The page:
The Seeds of Good Oral Health
As we grow, our oral health needs continue to evolve. Cultivate strong teeth by planting the seeds for good oral health early and knowing what to watch for at different life stages.
Babies and Toddlers
Baby teeth are susceptible to cavities and need daily upkeep from the very beginning. Before the first tooth arrives, wipe your baby's gums with a soft, clean cloth after each feeding to get rid of unwanted bacteria.1 When the first tooth appears, brush with fluoride toothpaste and toothbrushes designed for babies and younger children. For children under 3, use no more toothpaste than the size of a grain of rice and no more than a pea-sized amount for kids between 3 and 6 years old.2 Babies should also have their first dentist appointment six months after their first tooth or before age 1.3
During these early years, it's crucial that children learn oral health routines that will keep their smiles healthy into adulthood. Teach your little one good habits early by demonstrating how to brush, reiterating the need to brush for two full minutes twice a day and making it fun (try playing music during your brushing session or rewarding your child with a sticker for remembering to brush).4
Children and Adolescents5
Childhood and adolescence are the times to reinforce good habits and take steps to guard against common mouth issues. Supervise your child's brushing until age 8 and flossing until age 10. You can also talk with the dentist about preventive measures like sealants to protect against cavities and mouth guards to protect from mouth injuries.
The risk of cavities is highest in adolescents for multiple reasons, including immature enamel, unhealthy diet and lack of oral health care.6 To help, make sure your child sticks with good oral health practices like brushing twice a day with fluoride toothpaste, flossing once daily, choosing healthy snacks, drinking fluoridated water and visiting the dentist regularly.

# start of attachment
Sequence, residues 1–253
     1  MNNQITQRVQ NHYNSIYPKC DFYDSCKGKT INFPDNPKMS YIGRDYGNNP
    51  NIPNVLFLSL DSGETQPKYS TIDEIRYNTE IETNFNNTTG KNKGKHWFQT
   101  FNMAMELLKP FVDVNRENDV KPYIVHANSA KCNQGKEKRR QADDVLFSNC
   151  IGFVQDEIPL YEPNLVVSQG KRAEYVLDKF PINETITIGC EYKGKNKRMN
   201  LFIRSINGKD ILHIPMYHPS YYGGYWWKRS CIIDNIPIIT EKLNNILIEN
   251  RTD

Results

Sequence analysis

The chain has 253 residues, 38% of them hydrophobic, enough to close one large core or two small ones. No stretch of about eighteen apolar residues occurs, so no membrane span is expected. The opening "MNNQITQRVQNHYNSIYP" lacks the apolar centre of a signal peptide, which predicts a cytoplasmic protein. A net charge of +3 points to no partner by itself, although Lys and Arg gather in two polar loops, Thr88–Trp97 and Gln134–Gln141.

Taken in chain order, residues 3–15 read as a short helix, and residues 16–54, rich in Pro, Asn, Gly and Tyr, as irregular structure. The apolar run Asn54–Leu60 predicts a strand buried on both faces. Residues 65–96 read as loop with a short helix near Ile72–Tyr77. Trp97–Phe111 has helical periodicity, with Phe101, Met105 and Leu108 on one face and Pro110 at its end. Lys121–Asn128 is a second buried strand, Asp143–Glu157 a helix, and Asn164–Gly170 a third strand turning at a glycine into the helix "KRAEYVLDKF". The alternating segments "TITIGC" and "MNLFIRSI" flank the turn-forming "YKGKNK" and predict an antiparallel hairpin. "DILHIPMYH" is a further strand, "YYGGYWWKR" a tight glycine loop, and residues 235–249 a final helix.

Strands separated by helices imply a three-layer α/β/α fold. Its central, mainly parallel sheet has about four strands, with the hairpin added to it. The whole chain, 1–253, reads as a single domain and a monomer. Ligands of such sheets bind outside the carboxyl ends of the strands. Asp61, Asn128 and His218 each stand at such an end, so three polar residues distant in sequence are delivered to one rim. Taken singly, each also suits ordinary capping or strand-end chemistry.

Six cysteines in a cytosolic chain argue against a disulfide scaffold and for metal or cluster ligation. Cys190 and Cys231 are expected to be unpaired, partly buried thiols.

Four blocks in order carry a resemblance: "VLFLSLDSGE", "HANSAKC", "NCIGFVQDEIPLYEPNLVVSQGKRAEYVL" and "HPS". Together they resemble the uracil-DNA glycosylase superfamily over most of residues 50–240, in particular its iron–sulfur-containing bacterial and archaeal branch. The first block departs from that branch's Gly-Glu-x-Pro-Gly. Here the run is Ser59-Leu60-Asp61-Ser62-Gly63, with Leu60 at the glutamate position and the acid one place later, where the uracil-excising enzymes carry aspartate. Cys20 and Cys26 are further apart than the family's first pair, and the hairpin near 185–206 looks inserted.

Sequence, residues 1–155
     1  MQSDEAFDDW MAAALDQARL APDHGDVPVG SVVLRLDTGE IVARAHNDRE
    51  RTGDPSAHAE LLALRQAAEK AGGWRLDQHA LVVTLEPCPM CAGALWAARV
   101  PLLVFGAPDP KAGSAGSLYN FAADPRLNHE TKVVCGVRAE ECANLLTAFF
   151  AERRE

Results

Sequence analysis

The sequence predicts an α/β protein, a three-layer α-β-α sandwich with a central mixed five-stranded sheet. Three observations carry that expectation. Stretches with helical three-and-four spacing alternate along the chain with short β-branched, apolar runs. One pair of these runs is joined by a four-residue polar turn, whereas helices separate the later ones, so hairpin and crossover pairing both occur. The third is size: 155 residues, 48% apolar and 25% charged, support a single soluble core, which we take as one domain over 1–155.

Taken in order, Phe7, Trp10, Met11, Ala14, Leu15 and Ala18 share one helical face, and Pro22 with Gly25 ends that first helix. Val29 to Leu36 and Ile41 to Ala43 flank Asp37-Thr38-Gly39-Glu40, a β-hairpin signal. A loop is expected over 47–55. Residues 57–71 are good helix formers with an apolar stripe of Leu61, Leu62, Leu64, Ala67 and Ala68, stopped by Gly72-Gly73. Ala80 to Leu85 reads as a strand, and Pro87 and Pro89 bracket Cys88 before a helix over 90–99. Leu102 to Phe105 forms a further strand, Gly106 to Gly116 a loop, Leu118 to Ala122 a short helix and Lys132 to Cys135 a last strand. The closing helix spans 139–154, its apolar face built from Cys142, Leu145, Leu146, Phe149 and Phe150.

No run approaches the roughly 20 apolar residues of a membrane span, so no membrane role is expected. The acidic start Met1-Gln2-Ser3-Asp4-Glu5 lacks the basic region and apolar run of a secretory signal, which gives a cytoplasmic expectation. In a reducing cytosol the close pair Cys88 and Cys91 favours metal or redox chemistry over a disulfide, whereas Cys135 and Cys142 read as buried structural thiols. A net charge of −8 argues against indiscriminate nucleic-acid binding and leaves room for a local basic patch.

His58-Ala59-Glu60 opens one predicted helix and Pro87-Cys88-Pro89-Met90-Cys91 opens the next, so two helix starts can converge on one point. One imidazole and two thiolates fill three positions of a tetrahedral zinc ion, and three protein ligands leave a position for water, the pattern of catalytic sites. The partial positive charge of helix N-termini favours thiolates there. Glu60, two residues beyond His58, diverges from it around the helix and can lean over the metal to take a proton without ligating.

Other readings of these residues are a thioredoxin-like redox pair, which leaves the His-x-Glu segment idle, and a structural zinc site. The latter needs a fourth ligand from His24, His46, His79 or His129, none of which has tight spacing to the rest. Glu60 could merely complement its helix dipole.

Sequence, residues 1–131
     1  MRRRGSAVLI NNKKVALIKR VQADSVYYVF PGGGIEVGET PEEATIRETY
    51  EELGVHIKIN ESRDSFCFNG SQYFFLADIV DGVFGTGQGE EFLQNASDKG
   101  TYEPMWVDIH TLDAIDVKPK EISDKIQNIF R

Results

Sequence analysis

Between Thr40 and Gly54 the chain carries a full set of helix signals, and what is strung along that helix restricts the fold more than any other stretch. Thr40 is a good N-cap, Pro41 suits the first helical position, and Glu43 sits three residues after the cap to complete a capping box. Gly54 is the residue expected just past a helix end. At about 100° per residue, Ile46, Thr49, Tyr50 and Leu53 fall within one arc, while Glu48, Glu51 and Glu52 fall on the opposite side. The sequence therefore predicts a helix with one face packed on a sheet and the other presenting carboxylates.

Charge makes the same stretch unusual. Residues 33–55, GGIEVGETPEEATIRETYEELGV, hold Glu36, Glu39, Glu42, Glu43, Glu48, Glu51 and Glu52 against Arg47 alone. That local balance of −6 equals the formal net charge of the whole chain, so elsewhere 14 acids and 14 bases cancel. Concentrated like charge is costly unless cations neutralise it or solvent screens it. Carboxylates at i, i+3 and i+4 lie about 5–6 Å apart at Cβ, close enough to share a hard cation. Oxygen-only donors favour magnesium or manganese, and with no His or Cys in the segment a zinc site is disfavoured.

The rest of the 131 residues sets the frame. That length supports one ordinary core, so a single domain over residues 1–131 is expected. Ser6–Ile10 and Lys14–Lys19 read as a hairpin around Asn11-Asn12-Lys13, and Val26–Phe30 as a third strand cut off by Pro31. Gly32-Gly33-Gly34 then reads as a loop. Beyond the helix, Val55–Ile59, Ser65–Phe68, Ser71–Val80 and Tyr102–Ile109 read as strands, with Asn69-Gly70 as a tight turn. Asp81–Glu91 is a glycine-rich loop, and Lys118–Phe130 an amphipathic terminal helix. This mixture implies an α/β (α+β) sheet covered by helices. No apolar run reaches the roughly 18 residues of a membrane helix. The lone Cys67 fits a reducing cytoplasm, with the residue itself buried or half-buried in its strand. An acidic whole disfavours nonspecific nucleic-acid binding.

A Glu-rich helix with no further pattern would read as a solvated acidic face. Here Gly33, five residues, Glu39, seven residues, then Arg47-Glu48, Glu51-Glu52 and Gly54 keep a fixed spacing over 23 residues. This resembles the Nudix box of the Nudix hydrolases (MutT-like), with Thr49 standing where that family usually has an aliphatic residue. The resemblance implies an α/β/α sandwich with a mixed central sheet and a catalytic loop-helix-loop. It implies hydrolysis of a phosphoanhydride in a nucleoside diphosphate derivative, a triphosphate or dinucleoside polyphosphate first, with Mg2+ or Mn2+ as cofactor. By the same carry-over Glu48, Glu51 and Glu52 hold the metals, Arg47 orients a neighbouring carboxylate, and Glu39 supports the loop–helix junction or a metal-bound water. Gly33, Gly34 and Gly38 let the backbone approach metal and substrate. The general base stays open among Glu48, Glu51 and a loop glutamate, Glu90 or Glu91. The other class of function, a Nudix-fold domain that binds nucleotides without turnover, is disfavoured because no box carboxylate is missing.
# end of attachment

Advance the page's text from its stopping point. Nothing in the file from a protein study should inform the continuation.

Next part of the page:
In addition, pay attention to gum health as adolescence is often the time when gingivitis begins. Symptoms like gum redness, swelling, bleeding and tenderness can indicate the presence of gingivitis.7 Alert the dentist if any of these symptoms are present.
As an adult, the wear and tear your teeth experience over time can become noticeable by causing symptoms like discoloration, cavity susceptibility8 and tooth cracks or chips.9 Keep them strong by maintaining a proper oral health routine that includes brushing and flossing daily, eating mouth-friendly foods and scheduling regular dental visits.
Avoid harmful substances like tobacco and excessive alcohol consumption that put you at higher risk for oral cancer, which occurs most often after age 60.10 Take steps to reduce your risk for oral cancer and lookout for early signs with home screenings. Mouth symptoms can include sores, red or white patches, persistent pain or numbness, lumps or rough spots, and issues chewing and swallowing.11 If you experience any of these symptoms for longer than two weeks, speak to your dentist.
Another factor to consider is that the nerves in your teeth may grow less sensitive, making it less likely that you'll notice the development of cavities.12 Maintain regular checkups so your dentist can catch any mouth issues early before they progress.
Good oral health requires dedication, but by tending to your mouth with care, you can keep your smile healthy at any age.